Monday, March 22, 2010

The Media Changes Its Story (Not for the Last Time)

cross-posted at Dagblog

I was watching cable news during part of the run-up to the House vote on health care reform (because I was at the gym, which is where I tend to watch cable news). And the most shocking but entirely unsurprising thing happened. Wolf Blitzer was suddenly pushing back on Republican talking points, which had seemed so reasonable to him for the last year and a half. In fact, when Democratic guests wouldn't push hard enough against the conservative talking points, the Blitzinator would call the Republican out himself.

Suddenly Wolf had realized that this bill was actually an extremely moderate and centrist plan! Anyone calling it communist totalitarian socialism needed to explain himself, prontissimo!

Meanwhile, over at 60 Minutes, where Katie Couric was interviewing Rahm Emanuel, health care reform was still poisonously unpopular political Kryptonite. Why would you do that to yourself, Rahm? Do you lack basic survival instincts? Have you asked your physician about Zoloft?

The difference between these two media narratives? Blitzer was live and Couric was pre-taped. Blitzer knew the Dems would win, so his story was all about what great strategists they were and how out of step the Republicans were from the American mainstream. Couric was still in the previous media narrative, in which the Democrats were doomed to lose and therefore out of step from the American mainstream.

It's that simple. There's not much else to it.

The mainstream media is driven by two basic factors: who's winning (which, between national elections and major legislative votes, means who is perceived to win), and how old the existing narrative is. Democrats don't have the votes lined up? America is on the dawn of a New Conservative Era. Democrats win the vote? The Democratic leaders are political geniuses, whose management secrets we all need to learn. These examples should be jokes, but are not. Blitzer has essentially said both things.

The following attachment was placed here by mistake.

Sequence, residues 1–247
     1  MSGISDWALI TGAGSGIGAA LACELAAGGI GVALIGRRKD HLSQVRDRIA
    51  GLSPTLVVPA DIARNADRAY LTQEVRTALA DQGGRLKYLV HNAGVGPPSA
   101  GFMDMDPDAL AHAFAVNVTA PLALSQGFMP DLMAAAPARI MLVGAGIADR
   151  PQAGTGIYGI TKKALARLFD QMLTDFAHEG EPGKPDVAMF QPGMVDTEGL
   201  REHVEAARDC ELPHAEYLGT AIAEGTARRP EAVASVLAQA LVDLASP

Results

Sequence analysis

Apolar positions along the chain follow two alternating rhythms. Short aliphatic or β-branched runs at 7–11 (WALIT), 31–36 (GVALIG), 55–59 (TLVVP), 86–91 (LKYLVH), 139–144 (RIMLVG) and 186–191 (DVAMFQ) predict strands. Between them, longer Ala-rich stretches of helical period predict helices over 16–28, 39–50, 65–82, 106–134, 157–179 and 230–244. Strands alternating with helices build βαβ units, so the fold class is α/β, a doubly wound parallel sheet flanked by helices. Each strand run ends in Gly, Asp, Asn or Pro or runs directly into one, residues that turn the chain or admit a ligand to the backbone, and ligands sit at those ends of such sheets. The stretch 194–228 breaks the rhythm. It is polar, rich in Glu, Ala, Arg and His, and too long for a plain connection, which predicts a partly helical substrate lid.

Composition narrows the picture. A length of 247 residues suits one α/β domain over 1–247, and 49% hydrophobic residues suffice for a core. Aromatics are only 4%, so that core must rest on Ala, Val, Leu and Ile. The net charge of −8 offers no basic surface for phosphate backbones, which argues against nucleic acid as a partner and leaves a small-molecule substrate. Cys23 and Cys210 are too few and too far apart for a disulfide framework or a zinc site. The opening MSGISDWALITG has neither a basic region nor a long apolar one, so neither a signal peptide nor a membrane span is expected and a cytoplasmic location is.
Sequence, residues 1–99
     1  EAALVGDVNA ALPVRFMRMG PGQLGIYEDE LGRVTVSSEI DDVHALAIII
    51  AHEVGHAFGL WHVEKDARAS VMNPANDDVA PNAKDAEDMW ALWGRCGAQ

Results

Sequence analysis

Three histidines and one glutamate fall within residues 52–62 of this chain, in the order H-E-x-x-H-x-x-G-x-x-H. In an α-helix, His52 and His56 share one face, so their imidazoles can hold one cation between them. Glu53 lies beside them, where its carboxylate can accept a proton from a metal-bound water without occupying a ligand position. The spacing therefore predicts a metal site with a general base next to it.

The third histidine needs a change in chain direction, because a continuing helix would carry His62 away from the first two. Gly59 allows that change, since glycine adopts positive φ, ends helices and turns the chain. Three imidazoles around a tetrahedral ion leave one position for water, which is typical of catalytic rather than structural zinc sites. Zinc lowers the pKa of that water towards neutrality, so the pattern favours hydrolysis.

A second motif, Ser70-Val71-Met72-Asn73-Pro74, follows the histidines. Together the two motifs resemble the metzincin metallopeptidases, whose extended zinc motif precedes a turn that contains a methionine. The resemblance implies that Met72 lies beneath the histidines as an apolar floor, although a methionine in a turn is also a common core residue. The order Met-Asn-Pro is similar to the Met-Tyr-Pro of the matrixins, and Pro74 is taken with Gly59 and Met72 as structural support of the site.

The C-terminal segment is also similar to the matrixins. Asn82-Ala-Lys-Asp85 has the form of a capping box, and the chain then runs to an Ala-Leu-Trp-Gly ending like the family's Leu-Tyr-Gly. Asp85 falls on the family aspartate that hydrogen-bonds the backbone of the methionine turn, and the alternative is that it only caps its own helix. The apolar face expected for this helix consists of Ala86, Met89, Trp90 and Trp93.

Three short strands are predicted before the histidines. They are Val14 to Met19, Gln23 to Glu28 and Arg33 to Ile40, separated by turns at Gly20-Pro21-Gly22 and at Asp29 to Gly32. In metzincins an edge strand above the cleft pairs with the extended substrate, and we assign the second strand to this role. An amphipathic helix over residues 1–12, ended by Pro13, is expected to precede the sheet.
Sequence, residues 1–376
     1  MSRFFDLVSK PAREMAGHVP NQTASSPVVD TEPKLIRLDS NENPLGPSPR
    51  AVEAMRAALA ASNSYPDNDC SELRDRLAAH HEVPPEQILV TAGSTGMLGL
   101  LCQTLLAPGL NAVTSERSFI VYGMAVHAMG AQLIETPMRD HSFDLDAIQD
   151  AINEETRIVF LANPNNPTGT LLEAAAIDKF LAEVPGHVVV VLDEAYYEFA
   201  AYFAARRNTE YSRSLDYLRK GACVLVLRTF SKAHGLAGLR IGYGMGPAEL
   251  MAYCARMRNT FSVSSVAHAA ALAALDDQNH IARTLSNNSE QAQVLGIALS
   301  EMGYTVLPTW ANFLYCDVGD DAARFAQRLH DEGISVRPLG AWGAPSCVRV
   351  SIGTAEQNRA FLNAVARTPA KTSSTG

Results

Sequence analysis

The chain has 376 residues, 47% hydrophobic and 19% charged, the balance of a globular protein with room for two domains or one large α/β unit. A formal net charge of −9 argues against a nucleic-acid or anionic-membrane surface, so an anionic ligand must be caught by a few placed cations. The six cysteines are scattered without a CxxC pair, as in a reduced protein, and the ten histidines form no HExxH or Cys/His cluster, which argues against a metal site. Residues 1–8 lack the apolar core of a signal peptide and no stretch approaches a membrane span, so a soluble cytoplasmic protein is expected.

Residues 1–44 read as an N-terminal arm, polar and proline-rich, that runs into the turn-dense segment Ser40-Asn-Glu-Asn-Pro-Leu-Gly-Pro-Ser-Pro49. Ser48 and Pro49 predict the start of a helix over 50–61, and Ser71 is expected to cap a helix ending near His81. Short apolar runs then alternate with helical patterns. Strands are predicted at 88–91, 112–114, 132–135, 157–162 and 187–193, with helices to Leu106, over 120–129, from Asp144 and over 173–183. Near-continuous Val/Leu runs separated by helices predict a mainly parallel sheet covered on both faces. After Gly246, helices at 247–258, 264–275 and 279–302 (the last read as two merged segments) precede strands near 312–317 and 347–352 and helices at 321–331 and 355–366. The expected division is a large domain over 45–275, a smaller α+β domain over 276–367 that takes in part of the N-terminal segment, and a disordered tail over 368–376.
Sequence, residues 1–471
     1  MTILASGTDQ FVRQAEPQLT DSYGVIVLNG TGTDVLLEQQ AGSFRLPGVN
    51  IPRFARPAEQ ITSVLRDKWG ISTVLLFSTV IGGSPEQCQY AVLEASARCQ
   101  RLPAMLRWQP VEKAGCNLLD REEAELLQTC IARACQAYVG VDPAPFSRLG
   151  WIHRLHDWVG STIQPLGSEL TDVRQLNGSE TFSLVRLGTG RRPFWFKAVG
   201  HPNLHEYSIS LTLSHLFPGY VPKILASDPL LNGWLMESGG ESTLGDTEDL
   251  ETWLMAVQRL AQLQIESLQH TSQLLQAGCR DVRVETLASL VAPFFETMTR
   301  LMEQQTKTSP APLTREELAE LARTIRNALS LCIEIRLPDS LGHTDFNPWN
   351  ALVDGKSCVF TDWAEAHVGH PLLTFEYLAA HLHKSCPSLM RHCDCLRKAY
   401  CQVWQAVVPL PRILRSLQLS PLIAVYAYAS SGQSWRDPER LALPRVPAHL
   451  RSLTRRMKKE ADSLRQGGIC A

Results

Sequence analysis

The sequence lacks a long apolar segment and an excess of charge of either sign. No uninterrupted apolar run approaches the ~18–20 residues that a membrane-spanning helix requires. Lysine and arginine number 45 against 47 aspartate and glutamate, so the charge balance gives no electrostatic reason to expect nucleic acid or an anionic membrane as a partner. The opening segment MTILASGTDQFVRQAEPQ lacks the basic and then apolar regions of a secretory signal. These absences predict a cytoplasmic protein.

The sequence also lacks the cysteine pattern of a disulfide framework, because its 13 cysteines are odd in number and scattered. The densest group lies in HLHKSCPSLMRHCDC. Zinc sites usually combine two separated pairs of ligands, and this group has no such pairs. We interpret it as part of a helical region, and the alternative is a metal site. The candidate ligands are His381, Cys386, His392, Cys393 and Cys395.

Obama's portrayal in the media is about to change from ineffectual over-intellectual Jimmy Carter II, which is who he was alleged to be two weeks ago, to electrical and oh-so-sexual Lincoln Delano Kennedy, which is who he's alleged to be when he's won something. That is stupid, but at least partially fair. A President who manages to enact his policy should get credit for enacting it. (Whether or not the policies are good is another, more important but widely ignored question.) The truth is, Obama periodically gets hyped in ways no politician could live up to, but is a pretty smart and effective president. He's not Jimmy Carter II by any means.

The other problem is that the media has amnesia, and gets bored with a story after they've run with it for a while. The Jimmy Carter II story was inevitable, simply because the media got tired of running Obama the Conqueror stories, and because after a while Obama hadn't won any elections for six! whole! weeks! The Jimmy Carter II story was also never going to last, because the media would get bored with that, too. (The idea that unpopular Obama was going to drag down the ticket in November was always silly, because the "unpopular Obama" story was never going to last for a full six months.)

Obama will be "up" for a while, and then he will be "down" again, and then the media say he's "up" again. Part of that will be tied to external events, but those events are merely convenient hooks for a inevitable rhythm of media coverage. Obama will "ride high," Obama will "struggle." Our political media can't accept the idea that something stays true for four years in a row ... and anyway, that would be boring.

No comments: